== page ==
A study at the University of California, Berkeley, finds that this compound metal can conduct electricity without conducting heat. The January 27 issue of the journal Science also published the findings of this research.

Food Waste to Energy

2017 electricity sources reviewHow much food goes into the trash can a year? Americans alone waste almost 40% of the food produced for domestic consumption each year! Scientists have long been researching for converting that waste into electricity.

It seems that a group of researchers at Cornell University has invented a new way to turn food waste into an energy source. They use hydrothermal liquefaction and anaerobic digestion at 200-350 degree temperatures for the conversion of leftover food into energy products.

This is an advanced method of using waste materials to produce natural gas, which can ultimately be used as a source of electricity. It is more economical and efficient than previous systems. It will use almost all the food waste, leaving only a little to dump into the landfill.

The Final Words

Scientists have continued to explore new resources for building a clean energy future. The positive side of these different electricity sources in 2017 is that most of them are renewable and leave little to no carbon footprint. It indicates a time when it will be possible to power the electric grids without affecting the environment.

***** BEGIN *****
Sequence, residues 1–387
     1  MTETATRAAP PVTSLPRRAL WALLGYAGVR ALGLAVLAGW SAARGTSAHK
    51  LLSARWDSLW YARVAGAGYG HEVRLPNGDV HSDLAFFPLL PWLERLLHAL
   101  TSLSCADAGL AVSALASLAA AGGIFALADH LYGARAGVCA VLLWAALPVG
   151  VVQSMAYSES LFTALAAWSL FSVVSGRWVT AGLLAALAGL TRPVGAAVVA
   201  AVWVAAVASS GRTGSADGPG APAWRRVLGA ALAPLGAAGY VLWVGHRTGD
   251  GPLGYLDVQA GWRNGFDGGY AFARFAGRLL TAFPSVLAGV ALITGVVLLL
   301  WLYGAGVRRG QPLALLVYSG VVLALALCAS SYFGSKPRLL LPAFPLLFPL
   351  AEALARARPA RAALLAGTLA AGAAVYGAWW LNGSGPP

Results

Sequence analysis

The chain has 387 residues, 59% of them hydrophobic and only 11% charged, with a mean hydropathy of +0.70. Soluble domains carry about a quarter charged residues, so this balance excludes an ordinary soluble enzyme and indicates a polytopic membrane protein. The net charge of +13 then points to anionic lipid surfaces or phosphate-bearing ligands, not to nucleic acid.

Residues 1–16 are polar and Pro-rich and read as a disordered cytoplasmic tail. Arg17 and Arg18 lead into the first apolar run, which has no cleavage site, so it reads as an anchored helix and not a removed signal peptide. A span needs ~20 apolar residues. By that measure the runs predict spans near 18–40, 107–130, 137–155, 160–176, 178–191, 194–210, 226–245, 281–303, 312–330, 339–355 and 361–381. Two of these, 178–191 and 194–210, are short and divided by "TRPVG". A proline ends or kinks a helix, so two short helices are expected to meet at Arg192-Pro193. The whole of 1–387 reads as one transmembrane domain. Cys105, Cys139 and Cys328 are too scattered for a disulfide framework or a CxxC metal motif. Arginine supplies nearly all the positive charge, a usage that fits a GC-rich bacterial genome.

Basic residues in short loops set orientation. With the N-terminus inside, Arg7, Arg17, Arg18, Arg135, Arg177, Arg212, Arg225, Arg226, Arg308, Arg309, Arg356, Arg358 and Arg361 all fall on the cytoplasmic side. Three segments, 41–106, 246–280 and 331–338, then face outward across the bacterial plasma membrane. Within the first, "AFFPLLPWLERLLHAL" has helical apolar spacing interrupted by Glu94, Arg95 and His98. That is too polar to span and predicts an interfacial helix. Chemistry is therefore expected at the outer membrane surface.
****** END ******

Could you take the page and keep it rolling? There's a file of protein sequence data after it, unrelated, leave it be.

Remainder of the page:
This blog is made available for educational purposes ONLY, and is not intended to provide any advice as to product selection, specifications, or appropriate uses. We assume no liability for any loss or damage resulting from one’s reliance on the material provided. Please note that such material is not updated regularly and that some of the information may not be current. We do not control or endorse and are not responsible for third-party websites linked herein.

Be the first to comment

Leave a Reply

Your email address will not be published.


*